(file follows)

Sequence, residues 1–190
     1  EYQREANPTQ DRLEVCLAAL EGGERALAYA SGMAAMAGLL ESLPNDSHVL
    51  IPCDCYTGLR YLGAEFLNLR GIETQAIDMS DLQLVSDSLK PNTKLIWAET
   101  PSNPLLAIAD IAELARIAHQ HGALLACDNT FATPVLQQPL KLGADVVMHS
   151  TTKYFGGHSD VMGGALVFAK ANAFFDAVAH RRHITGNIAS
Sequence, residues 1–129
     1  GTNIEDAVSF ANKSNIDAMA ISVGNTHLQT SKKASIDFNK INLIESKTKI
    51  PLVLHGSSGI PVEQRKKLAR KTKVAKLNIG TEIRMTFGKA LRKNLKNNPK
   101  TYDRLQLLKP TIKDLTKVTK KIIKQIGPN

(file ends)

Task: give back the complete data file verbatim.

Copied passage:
Sequence, residues 1–190
     1  EYQREANPTQ DRLEVCLAAL EGGERALAYA SGMAAMAGLL ESLPNDSHVL
    51  IPCDCYTGLR YLGAEFLNLR GIETQAIDMS DLQLVSDSLK PNTKLIWAET
   101  PSNPLLAIAD IAELARIAHQ HGALLACDNT FATPVLQQPL KLGADVVMHS
   151  TTKYFGGHSD VMGGALVFAK ANAFFDAVAH RRHITGNIAS
Sequence, residues 1–129
     1  GTNIEDAVSF ANKSNIDAMA ISVGNTHLQT SKKASIDFNK INLIESKTKI
    51  PLVLHGSSGI PVEQRKKLAR KTKVAKLNIG TEIRMTFGKA LRKNLKNNPK
   101  TYDRLQLLKP TIKDLTKVTK KIIKQIGPN